Acceptable England Success:
During this year’s World Cup in Russia, the national side changed the mood of the country. Finally after 22 years, England had a team to be proud of. Reaching the semi-finals of a major tournament was a great achievement. Well this happened twice in the 1990s. In the lead up to both Italia ’90 and Euro ’96, the national press were on the team’s back. Bobby Robson was labelled a ‘Judas’ for accepting a job offer from PSV Eindhoven after the World Cup. This galvanised the squad, and after a slow start in the groups England excelled in the latter stages, eventually going out in the semis to West Germany on penalties. After a reign of mediocrity under Graham Taylor, the summer of 1996 was the probably the most enjoyable time to watch England that I can ever remember. Just before the start of the tournament however, a drunken night out in Hong Kong after a friendly match was snapped by photographers and the players were splashed all over the front pages in disgrace. Calls were made for certain players to be dropped from the squad altogether. Manager Terry Venables used this to his advantage and the team became closer as a result. Victories over Scotland and Netherlands in the group stage and Spain in the quarter-finals meant England faced Germany yet again in the semi-finals. In one of the most memorable matches of the last 30 years, the Three Lions lost to Germany on penalties once again. Those two tournaments are etched in the memory of every football fan over the age of 35.
Football Shows On TV:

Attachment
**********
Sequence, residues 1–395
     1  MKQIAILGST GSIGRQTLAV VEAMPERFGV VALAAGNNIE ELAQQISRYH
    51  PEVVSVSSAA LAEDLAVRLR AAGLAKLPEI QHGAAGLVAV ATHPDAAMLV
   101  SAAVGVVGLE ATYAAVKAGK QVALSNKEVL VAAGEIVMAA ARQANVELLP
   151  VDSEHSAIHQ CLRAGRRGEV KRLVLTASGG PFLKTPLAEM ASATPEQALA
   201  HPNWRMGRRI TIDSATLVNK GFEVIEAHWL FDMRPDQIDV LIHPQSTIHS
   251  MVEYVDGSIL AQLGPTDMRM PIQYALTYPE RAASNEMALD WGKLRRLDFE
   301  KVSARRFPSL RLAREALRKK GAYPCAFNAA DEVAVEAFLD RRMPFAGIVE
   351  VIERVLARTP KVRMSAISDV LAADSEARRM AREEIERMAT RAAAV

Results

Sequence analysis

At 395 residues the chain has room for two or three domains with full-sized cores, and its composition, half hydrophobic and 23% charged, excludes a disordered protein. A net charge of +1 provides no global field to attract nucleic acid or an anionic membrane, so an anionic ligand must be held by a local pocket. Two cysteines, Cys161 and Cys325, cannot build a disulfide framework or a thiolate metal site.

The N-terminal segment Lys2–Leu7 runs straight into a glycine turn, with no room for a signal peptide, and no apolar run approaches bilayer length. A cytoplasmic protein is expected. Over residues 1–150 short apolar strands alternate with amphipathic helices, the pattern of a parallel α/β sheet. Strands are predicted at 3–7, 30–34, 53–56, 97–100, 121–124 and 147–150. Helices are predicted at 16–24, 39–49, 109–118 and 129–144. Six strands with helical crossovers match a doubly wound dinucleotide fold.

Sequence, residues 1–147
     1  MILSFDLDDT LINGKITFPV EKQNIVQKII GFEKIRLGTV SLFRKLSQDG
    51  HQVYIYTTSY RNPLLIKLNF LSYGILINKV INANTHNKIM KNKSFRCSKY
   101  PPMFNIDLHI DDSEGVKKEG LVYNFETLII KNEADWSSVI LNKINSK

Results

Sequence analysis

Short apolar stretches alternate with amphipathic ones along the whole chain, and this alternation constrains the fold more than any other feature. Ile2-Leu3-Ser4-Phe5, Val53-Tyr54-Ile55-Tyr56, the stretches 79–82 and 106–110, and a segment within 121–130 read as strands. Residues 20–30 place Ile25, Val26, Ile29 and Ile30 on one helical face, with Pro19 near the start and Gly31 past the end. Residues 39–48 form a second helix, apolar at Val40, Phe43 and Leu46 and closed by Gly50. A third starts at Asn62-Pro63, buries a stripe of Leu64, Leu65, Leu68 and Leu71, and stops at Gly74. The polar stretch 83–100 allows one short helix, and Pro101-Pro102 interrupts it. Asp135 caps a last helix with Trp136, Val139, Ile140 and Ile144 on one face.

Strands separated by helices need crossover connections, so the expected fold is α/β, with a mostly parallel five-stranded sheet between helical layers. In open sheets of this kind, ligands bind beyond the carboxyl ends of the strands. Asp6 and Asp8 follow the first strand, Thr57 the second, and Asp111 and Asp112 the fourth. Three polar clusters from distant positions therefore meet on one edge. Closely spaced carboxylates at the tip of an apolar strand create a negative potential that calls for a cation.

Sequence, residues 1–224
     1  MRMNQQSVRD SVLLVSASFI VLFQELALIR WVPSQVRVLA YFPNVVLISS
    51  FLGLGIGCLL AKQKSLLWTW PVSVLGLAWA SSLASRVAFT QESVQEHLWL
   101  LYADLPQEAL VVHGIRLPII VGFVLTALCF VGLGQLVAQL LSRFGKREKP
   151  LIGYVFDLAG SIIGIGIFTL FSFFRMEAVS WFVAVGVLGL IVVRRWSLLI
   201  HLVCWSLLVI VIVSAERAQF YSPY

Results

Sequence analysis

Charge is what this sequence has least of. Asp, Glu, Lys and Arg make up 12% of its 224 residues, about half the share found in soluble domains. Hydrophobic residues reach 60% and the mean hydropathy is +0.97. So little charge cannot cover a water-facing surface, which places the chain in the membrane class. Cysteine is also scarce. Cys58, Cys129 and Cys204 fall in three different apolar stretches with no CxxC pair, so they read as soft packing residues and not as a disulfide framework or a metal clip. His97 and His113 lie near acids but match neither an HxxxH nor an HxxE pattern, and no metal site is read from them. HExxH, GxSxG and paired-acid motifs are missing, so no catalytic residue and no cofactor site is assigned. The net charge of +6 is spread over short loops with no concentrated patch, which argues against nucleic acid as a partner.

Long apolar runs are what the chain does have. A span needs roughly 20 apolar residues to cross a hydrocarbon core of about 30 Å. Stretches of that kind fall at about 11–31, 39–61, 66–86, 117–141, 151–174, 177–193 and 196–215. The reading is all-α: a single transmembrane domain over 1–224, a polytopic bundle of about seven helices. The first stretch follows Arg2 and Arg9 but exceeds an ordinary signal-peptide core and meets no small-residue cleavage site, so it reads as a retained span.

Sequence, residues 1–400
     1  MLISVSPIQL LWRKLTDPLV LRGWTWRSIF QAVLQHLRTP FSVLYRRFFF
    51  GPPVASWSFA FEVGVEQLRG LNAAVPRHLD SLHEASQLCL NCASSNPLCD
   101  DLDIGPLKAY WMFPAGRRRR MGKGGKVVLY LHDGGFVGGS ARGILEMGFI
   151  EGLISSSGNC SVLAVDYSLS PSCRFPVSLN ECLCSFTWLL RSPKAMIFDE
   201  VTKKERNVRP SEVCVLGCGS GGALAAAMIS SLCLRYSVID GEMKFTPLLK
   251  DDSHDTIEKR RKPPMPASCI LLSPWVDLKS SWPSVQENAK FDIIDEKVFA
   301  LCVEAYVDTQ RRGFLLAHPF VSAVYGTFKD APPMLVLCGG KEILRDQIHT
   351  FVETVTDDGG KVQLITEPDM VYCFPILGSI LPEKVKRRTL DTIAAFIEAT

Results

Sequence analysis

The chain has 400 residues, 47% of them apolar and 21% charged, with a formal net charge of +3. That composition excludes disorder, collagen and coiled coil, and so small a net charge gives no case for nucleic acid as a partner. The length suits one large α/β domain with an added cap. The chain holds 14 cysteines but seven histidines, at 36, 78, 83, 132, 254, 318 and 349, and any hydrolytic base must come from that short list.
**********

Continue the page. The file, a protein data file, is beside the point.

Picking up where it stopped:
With Sky Sports taking a hold of Premier League coverage, it launched several programmes throughout the week to accompany the live matches. The Footballer’s Football Show and Andy Gray’s Boot Room were weekly shows that took a look back at the weekend’s action. Soccer Saturday began in 1994, with reporters at every football league ground and four ex-professionals in the studio watching the day’s biggest games. The show’s colourful and smooth vidiprinter made Grandstand’s look extremely outdated. It’s hard to believe Jeff Stelling has been there from the start. For those wanted their football fix whilst having their Saturday morning breakfast, Soccer AM started in 1995 with Tim Lovejoy and Helen Chamberlain. The show is still running now, but fails to live up to the funny skits and in depth features it gave us in the 90s. At one stage it was Sky Sports’ biggest audience outside the live matches. The BBC also got in on the act, with smooth anchor Des Lynam and Match Of The Day returning following the Beeb securing highlights of the Premier League. Fantasy Football League with David Baddiel and Frank Skinner was enormously popular on BBC2 every Friday night, taking the mickey out off everybody and everything possible while still playing the famous game with celebrity guests. Channel 4 had Gazzetta Football Italia every Saturday morning with the incredibly witty James Richardson as host. These days football programmes are everywhere, but back in the ’90s those shows were a fantastic novelty to fans.